Michael Martineck: Five Things I Learned Writing The Milkman
In the near future, corporation rules every possible freedom. Without government, there can be no crime. And every act is measured against competing interests, hidden loyalties and the ever-upward pressure of the corporate ladder.
Any quest for transparency is as punishable as an act of murder. But one man has managed to slip the system, a future-day robin hood who tests diary milk outside of corporate control and posts the results to the world.
When the Milkman is framed for a young girl’s murder and anonymous funding comes through for a documentary filmmaker in search of true art beneath corporate propaganda, eyes begin to turn and soon the hunt is on.
Can the man who created the symbol of the Milkman, the only one who knows what really happened that bloody night, escape the corporate rat maze closing around him?
Or is it already too late?
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I will not tell you what I really learned
The world of The Milkman – the Free World – is post-government. Corporations foreclosed on debt-ridden nations and started running things themselves. In this world there are no nations and thus no laws. Not that the world is in chaos; companies just have different priorities. Once you let your mind play with this for a while, you might learn things about yourself that you didn’t want to know. Right now, in the real world, people do all kinds of creepy, crazy-ass stuff. Hemmed in only by the laws of economics and physics, I imagined people going deeper into the dark. I imagined. Me. A nice guy from the suburbs who wanted to write a book about economics. Some things crawled out of the shadows and into the book. Not everything. I won’t tell you about that stuff. Maybe next time.
This book isn’t about anything
As a corollary to above, as per unanticipated plot threads, novels sprawl, even tight ones. That is why they are not short stories. This is not bad. Unlike my beloved suburbs, sprawl in a new, wholly imagined world is great if you treat it like a garden: feed it and weed it, and don’t let it get out of hand. My book about a divergent economic model for the globe is almost equally about the lengths people will go for their children. It’s about love and fairness and tenacity and I’m pretty happy my book isn’t about anything – any one thing. It is about lots.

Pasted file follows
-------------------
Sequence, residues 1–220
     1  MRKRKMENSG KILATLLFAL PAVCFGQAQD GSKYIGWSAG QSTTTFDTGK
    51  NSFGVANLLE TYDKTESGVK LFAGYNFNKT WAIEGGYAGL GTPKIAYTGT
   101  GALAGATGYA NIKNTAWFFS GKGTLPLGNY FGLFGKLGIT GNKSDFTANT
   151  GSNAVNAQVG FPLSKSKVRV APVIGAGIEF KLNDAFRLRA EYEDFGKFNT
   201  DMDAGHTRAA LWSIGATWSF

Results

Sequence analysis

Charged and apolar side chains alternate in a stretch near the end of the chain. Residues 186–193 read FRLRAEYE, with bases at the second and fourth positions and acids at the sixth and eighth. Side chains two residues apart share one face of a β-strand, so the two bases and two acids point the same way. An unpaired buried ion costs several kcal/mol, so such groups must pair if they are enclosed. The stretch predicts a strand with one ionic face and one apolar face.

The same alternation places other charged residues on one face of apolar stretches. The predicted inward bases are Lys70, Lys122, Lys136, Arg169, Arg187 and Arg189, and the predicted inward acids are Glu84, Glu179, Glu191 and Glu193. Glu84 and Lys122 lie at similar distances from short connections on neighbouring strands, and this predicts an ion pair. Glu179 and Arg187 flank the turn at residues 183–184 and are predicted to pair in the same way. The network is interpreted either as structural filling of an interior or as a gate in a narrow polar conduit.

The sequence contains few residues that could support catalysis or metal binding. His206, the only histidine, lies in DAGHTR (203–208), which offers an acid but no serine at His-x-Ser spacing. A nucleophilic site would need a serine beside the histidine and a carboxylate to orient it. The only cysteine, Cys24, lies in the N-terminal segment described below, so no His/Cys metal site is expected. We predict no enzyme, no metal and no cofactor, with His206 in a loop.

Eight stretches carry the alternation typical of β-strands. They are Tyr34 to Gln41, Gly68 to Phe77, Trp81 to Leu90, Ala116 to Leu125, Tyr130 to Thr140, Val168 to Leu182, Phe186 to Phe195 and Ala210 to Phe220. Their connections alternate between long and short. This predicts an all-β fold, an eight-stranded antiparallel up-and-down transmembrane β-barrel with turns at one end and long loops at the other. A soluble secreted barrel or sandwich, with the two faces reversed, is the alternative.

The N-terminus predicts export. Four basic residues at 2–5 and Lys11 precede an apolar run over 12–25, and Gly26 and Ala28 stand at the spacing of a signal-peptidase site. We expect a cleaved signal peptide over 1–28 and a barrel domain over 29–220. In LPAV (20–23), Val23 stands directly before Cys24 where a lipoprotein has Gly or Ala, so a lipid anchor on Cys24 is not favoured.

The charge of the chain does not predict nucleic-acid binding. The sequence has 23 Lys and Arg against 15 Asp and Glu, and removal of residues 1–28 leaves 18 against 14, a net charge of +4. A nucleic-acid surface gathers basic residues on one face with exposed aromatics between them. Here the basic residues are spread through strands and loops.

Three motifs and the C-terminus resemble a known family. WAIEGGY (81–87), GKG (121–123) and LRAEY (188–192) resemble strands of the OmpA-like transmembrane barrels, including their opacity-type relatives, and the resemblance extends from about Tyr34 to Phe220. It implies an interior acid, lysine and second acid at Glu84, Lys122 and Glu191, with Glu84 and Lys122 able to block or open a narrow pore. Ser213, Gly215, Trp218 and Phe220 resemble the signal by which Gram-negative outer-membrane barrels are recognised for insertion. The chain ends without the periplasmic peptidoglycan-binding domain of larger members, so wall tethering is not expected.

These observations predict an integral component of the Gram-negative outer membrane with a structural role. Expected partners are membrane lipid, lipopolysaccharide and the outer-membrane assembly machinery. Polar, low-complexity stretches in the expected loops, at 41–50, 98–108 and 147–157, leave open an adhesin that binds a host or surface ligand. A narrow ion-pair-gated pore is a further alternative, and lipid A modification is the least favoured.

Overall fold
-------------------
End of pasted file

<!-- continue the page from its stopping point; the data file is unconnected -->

Don’t be yourself
I am a listener, a collector of sounds and blurted thoughts. I’m not shy – I engage people in conversation – but I’m much more likely to ask questions than answer. I like to read and ponder, none of which gets a novel out the door. These traits lay a decent foundation for writing; but, to write, that is a different story. Opening up, expressing, answering those questions I ducked. It’s not me, or to be more honest, it was not the me I was comfortable being. This novel showed me that, just as a book isn’t about one thing, neither am I.
Don’t write about what you know
Ray Bradbury gets to this in his wonderful Zen in the Art of Writing. Write about what you want to know. This book exemplifies that approach. No one knows what it’s like to live in post-government society. I wondered. I’m pretty sure there is an inquisition particle – a curiosity carrying proton, or curton, if you will – that attracts other curtons. The sense of newness and discovery you feel while you write whips up those feelings in others. Unless your curtons have garlic. Not everyone likes garlic.
This is the one that matters: don’t let grammar, spelling, word choice, blanking on a character’s name, POV or loud noises stanch your flow. When the words come, do everything you can to keep them coming and worry about the mess later. Writing is an 18-step process. Once I figured that out – poof! – I had a novel. A crappy novel, but I fixed that. Now it’s a pretty good one. I hope you’ll check it out.
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Michael Martineck: I have been writing in some form or another since I was seven years old. More recently, I have written short stories, comic book scripts, articles and trio of novels. DC Comics published some of my work in the 90s. Planetmag, Aphelion and a couple of other long-dead e-zines helped me out in the 00’s, which is also when I published children’s books The Misspellers and The Wrong Channel. Cinco de Mayo, a novel for adults, is now out from EDGE Science Fiction and Fantasy Publishing which is also the publisher of The Milkman. I live in Grand Island, NY. with my wife and two children.
The Milkman: A Free World Novel: Amazon